The first novels I read by Ursula K. Le Guin were her Earthsea books. In graduate school I read and later taught The Left Hand of Darkness. So it was with foolish but thrilled surprise that I discovered she wrote poetry, that she has written and published poetry for years.
Ursula Kroeber Le Guin was born in 1929 in Berkeley, and lives in Portland, Oregon. As of 2013, she has published twenty-one novels, eleven volumes of short stories, four collections of essays, twelve books for children, six volumes of poetry and four of translation, and has received many honors and awards including Hugo, Nebula, National Book Award, PEN-Malamud. Her most recent publications are Finding My Elegy (New and Selected Poems, 1960-2010)and The Unreal and the Real (Selected Short Stories), 2012. [From her website.]
I’ve savored my slow reading of Finding My Elegy since I purchased it last year. I’m only about half-way through the book, but that is enough to recommend it. Le Guin is a writer, a story-teller. In the poems I’ve read so far, I’ve sensed echoes of Earthsea and other of her worlds and characters. She unashamedly writes her love of land, of California. All the elements I adore in her fiction dance and twirl through her poetry. Happily for me, this volume is collects earlier works as well as containing previously unpublished poems. If you’ve never read Le Guin, then your reading of her poetry will be fresh. If you have, you’re certain to hear the familiar hearthtale voice.
I had a hard time choosing, but here are three short selections from Finding My Elegy (New and Selected Poems from 1960-2010).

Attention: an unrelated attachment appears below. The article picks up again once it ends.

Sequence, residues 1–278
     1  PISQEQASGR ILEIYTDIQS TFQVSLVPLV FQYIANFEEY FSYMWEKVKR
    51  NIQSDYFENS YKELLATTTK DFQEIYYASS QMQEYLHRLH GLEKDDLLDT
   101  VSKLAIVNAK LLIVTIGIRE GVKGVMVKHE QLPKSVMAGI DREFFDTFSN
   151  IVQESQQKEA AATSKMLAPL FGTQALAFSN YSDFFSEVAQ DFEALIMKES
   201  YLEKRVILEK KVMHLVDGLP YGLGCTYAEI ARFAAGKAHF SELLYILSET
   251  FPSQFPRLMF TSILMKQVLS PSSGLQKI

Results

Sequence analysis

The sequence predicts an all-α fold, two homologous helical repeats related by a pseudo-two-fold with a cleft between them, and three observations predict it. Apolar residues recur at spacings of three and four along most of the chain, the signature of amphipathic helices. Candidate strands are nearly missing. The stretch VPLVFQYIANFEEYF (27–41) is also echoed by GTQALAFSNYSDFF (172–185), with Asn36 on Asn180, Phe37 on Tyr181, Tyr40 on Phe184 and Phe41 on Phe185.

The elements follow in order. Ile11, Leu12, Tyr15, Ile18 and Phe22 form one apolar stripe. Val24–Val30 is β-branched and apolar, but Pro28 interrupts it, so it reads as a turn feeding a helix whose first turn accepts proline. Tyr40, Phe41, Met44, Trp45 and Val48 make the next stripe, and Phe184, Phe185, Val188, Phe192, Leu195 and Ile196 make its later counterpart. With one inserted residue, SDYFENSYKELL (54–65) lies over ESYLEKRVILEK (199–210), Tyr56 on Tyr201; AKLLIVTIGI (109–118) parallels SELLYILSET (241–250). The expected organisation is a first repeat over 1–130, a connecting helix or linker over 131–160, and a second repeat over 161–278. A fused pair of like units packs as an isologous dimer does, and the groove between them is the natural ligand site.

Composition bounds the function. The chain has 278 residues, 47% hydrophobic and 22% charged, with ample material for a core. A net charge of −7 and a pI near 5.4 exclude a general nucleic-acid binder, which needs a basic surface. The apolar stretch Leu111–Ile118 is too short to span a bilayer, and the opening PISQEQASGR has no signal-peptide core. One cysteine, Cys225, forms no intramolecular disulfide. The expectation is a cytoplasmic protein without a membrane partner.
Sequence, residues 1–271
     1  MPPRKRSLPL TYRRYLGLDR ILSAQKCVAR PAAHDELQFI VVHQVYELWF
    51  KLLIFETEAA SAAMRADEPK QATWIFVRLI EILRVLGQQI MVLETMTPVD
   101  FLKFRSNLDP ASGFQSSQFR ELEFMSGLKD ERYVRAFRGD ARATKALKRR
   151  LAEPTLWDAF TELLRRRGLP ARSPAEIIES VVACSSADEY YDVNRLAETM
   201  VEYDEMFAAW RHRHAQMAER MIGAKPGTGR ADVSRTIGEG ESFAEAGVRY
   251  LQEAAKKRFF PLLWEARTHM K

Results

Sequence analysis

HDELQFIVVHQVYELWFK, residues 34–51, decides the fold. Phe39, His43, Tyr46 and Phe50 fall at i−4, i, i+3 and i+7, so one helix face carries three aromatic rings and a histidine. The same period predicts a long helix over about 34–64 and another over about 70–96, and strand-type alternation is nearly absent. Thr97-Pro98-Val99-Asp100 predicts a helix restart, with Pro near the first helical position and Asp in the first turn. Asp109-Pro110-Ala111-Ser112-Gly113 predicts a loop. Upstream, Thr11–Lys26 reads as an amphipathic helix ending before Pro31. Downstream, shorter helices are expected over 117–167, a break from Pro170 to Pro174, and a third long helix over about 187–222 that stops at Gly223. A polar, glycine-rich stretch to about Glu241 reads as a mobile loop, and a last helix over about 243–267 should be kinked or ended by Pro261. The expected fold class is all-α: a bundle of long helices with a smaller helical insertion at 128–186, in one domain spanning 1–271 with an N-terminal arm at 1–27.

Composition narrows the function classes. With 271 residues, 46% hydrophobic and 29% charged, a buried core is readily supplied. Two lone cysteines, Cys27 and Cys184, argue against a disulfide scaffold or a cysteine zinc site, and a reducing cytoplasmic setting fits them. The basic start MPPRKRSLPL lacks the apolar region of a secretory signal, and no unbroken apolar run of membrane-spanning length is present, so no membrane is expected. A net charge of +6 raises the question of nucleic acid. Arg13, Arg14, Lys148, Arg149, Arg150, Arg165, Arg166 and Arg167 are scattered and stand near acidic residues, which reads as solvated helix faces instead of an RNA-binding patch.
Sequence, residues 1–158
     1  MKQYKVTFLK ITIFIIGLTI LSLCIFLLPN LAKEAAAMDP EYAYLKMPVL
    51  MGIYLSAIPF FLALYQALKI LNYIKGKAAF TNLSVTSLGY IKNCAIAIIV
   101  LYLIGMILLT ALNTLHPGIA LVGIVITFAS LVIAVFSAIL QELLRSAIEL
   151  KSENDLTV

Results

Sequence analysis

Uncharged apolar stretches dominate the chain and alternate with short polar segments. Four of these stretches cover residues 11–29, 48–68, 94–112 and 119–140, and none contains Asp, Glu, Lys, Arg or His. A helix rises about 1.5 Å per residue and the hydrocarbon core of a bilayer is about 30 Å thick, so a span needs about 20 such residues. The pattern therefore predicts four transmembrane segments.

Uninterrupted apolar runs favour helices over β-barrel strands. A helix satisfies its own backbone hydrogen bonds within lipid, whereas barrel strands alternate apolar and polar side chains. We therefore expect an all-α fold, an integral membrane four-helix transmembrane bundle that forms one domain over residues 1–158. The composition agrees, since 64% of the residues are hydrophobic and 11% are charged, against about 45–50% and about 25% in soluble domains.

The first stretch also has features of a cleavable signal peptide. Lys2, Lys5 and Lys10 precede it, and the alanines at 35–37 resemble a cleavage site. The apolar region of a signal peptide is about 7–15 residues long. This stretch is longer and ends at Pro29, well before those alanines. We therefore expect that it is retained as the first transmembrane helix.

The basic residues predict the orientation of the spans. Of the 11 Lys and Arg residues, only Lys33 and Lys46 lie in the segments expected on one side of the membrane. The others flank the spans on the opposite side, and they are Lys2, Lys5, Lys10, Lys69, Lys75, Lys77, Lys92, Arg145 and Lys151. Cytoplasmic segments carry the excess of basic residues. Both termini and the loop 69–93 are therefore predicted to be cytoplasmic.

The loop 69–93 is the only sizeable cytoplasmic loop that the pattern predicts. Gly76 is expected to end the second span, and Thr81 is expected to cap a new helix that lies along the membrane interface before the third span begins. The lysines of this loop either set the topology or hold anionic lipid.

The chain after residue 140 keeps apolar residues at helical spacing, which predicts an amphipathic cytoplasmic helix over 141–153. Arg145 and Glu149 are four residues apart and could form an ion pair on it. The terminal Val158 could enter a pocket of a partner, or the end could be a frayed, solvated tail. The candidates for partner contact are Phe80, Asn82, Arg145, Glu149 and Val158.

I love my native language
the great advantage
a mouthful of pebbles
a welling of water
crashbangs faint echoes
the word if you can find it
for what is and
what is beyond it
We make too much history.
With or without us
there will be the silence
and the rocks and the far shining.
But what we need to be
is, oh, the small talk of swallows
in evening over
dull water under willows.
To be we need to know the river
holds the salmon and the ocean
holds the whales as lightly as the body holds the soul
in the present tense, in the present tense.
For the New House
May this house be full of kitchen smells
and shadows and toys and nests of mice
and roars of rage and waterfalls of tears
and deep sexual silences and sounds
of mysterious origin never explained
and troves and keepsakes and a lot of junk
and a flowing like a warm wind only slower
blowing the leaves of trees and books and the fish-years
of a child’s life silvery flickering
quick, quick, in the slow incessant gust
that billows out the curtains for a moment
all those years from now, ago.
May the sills and doorframes
be in blessing blest at every passing.
May the roof but not the rooms know rain.
May the windows know clearly
the branch and flower of the apple tree.
And may you be in this house
as the music is in the instrument.